by Vinnie Hansen
With the release of Black Beans & Venom, my seventh Carol Sabala mystery, my mind turns to Cuba, the book’s setting.
My husband and I ventured there during December, 2010, partly to attend the International Jazz Festival. But one doesn’t have to attend an event to hear the Latin beats there. Full bands perform on the sidewalk. Guitar and woodblock duets float from a park, and trombone players practice on the seawall.
I did not miss the canned muzak that assaults us during the holiday season in the United States. In this communist country we saw few signs of Christmas—and heard fewer.
Which is not to say I dislike Christmas music. Last year the ukulele group for which I play keyboards, the All in Good Time Orchestra (AIGT), performed Oh Holy Night at two holiday events.
When that music swelled and our vocals rose in “Fall on your knees/Oh hear the angel voices,” the vibration filled me with ecstasy.
Since other groups also performed Oh Holy Night, this year our director suggested we do a piece that no one else would do—a Paul McCartney song. I expected a familiar tune. Instead I was introduced to a short melancholy piece that is now stuck in my head like an earworm.
Junk is not a Christmas song. But after once again watching people on Black Friday punch each other in order to score a television set, the lyrics speak to me. To paraphrase: Buy, buy the ads cry, but why, why the discarded junk asks.
Which brings me back to Cuba, a place singularly lacking in true junk. We all picture the old American cars there, but those aren’t the only things kept alive on the Caribbean island. Between the U.S. embargo and the collapse of the Soviet Union, the people lack supplies.
So a wooden seat is crafted for an old bike. A worn tennis ball becomes a kid’s baseball. Old headlights are brightened with silver paint.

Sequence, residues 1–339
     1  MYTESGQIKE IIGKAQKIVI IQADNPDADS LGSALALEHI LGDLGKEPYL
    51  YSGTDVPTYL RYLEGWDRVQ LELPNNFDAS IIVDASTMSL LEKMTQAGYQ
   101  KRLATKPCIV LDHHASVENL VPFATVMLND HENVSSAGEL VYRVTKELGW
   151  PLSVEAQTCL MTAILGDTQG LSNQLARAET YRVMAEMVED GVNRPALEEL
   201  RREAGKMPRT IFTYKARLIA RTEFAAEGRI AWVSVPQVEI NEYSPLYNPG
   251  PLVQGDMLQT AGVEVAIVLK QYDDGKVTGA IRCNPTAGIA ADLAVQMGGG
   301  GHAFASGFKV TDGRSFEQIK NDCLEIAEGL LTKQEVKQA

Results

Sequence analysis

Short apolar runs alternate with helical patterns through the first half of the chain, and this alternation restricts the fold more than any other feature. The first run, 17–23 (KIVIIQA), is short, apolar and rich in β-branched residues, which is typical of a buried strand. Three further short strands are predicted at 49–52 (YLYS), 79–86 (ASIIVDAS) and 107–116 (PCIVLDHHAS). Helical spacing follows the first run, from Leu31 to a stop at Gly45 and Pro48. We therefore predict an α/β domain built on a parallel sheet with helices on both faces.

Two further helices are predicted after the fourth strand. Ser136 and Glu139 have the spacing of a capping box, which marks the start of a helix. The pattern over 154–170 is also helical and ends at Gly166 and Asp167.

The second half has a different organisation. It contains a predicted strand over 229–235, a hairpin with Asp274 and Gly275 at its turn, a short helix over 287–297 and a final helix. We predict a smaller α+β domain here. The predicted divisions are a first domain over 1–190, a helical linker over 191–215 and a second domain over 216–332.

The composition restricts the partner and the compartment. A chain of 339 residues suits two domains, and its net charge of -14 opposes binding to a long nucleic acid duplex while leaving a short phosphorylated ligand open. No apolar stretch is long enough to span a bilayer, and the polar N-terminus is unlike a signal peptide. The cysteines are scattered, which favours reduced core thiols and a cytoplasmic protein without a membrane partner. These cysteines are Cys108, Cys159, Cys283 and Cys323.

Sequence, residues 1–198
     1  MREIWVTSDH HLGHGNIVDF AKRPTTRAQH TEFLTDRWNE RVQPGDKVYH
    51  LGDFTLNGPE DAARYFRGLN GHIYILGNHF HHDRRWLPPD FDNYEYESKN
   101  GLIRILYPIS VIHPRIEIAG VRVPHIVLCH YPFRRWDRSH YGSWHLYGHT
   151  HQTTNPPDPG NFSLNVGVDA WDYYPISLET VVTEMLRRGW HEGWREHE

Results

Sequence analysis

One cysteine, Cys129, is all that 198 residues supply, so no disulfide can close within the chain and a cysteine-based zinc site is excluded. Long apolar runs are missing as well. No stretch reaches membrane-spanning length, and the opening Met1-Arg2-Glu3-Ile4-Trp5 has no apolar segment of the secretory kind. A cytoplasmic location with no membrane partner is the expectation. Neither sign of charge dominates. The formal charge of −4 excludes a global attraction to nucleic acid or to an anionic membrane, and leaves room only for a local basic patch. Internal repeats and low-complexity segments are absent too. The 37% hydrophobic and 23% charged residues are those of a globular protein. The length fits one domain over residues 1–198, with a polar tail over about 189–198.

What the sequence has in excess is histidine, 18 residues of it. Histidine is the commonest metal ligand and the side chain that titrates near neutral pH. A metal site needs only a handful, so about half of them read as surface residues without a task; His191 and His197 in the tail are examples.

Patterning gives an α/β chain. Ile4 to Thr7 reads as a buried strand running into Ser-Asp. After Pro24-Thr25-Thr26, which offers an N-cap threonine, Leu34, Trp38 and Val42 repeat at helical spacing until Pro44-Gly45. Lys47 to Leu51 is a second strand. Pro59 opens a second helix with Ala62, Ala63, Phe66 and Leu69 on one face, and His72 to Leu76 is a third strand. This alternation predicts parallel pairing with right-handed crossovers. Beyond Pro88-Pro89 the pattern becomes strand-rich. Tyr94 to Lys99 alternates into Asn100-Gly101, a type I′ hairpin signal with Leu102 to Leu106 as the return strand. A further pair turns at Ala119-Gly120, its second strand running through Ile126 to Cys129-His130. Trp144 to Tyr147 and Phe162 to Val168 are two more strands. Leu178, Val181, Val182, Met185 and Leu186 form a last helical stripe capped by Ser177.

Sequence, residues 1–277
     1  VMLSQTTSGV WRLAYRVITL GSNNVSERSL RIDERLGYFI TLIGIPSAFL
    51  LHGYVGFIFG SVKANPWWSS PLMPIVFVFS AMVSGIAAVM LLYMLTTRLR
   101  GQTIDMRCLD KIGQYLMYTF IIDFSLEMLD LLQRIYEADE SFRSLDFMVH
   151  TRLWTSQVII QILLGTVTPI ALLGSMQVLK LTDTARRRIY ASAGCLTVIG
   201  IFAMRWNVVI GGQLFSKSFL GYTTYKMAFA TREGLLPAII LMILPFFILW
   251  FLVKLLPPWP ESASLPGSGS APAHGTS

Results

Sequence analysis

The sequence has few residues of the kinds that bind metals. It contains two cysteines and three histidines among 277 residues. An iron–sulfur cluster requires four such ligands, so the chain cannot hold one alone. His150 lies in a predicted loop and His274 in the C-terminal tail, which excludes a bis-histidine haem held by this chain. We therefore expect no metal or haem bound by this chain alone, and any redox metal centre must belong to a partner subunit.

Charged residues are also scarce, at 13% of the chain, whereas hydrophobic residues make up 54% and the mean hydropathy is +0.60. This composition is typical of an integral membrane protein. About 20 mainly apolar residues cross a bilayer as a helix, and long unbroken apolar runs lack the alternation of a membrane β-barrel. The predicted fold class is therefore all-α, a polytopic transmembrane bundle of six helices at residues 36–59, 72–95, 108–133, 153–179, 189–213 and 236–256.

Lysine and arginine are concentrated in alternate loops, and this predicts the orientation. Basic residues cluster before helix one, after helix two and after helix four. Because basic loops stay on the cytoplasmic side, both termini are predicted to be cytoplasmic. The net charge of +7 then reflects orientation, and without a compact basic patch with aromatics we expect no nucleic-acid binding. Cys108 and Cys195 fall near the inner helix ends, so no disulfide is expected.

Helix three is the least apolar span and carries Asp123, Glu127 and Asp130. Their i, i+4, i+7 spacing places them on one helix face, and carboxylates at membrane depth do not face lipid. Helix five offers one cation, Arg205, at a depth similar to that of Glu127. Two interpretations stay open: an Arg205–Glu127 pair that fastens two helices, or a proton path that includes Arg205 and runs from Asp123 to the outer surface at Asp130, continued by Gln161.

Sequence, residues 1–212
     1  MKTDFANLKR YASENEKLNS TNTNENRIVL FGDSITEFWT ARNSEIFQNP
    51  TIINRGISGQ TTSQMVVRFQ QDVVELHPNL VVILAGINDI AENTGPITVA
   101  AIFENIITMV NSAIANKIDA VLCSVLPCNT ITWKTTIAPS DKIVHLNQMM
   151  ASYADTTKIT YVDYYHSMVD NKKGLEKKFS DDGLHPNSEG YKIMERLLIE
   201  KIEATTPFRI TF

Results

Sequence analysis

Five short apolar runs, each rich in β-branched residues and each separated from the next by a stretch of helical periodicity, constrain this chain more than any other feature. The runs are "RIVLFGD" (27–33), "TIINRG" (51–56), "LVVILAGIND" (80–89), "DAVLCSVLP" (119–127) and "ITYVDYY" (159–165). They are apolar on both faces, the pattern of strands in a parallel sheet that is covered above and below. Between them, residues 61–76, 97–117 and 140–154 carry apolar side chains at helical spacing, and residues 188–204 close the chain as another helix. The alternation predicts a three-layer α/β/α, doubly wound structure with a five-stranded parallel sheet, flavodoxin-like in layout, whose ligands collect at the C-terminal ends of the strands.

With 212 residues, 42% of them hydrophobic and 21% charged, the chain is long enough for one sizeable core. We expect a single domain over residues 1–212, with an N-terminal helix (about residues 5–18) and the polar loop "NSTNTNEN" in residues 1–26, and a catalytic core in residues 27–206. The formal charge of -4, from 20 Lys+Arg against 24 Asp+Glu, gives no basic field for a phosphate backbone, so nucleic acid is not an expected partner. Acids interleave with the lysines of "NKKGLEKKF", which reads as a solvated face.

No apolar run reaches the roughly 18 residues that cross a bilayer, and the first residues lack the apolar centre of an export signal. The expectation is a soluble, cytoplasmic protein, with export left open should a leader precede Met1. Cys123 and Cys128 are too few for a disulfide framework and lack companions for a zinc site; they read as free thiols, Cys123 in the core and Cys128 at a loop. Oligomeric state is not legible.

Kids play with slingshots fashioned from branches and elastic. A cart with no wheels squeaks by on rusty rims.
So many of the details of Cuba wormed their way into my heart and into Black Beans & Venom. While primarily a story of suspense, the book is also a tribute to the resourcefulness of the Cuban people.
As the holiday season commences and AIGT rehearses Junk, I think of this island country pressed into recycling, reusing, and repurposing. Is there a way to catch that spirit of resourcefulness, I wonder, without being forced into it?
Are there countries or regions you’ve visited where you were particularly impressed by the locals? What’s your favorite Christmas music?
Black Beans and Venom, A Carol Sabala Mystery
No one wants P.I. Carol Sabala to take the case. Her boss is apprehensive about an illegal investigation in Cuba. Carol’s boyfriend worries about her physical safety. But the client is rolling in dough, the office has unpaid bills, and Carol chafes under the mundane tasks assigned to her.
In Old Havana, Carol sets off to track down Megan, the client’s missing daughter, who is battling metastasizing cancer and running from a sociopathic boyfriend. Struggling in the exotic world of the island, Carol races to find Megan, before the disease or her ex-boyfriend kills her.
Now available on AMAZON and SMASHWORDS
Posted by Vinnie Hansen. Vinnie is a retired English teacher and award-winning author. Her cozy noir mystery series, the Carol Sabala mysteries, is set in Santa Cruz, California.
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shannon espositoDecember 17, 2014 at 8:43 am
I have a Canadian friend that vacations in Cuba twice a year without her husband. The first time she told me I was stunned. The picture I have of Cuba is just… poverty, hopelessness and the crime that comes with those things. After all, aren’t people dying on the ocean trying to get away from that place? But, apparently I’m wrong and there is music and dancing and hope. I want to see it for myself one day. Best of luck with your new book launch! 🙂
Vinnie HansenDecember 17, 2014 at 1:21 pm
Danny and I ran into a lot of Canadians in Cuba! 🙂
I don’t want to underplay the poverty, Shannon. The people lack a lot of things we take for granted. But the island has a lot to offer, enough to draw your friends there twice a year. My husband and I always felt safe, but we are adventurous travelers. We did meet one female tourist who had her purse snatched. The teenagers were caught the next day, and we understood from the family we were staying with that the punishment would be swift and harsh.